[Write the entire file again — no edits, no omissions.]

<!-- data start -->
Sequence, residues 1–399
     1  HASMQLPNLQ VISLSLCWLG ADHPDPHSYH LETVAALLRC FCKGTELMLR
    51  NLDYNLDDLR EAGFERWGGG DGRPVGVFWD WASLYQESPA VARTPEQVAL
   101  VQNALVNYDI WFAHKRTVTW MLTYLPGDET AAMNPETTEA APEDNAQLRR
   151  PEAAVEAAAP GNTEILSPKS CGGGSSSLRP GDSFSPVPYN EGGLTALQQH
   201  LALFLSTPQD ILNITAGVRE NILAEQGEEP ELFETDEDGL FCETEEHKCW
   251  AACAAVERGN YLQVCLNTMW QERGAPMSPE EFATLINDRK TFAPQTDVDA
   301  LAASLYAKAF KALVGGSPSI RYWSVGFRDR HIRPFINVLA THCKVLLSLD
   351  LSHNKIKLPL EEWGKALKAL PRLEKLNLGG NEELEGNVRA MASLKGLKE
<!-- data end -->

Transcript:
Sequence, residues 1–399
     1  HASMQLPNLQ VISLSLCWLG ADHPDPHSYH LETVAALLRC FCKGTELMLR
    51  NLDYNLDDLR EAGFERWGGG DGRPVGVFWD WASLYQESPA VARTPEQVAL
   101  VQNALVNYDI WFAHKRTVTW MLTYLPGDET AAMNPETTEA APEDNAQLRR
   151  PEAAVEAAAP GNTEILSPKS CGGGSSSLRP GDSFSPVPYN EGGLTALQQH
   201  LALFLSTPQD ILNITAGVRE NILAEQGEEP ELFETDEDGL FCETEEHKCW
   251  AACAAVERGN YLQVCLNTMW QERGAPMSPE EFATLINDRK TFAPQTDVDA
   301  LAASLYAKAF KALVGGSPSI RYWSVGFRDR HIRPFINVLA THCKVLLSLD
   351  LSHNKIKLPL EEWGKALKAL PRLEKLNLGG NEELEGNVRA MASLKGLKE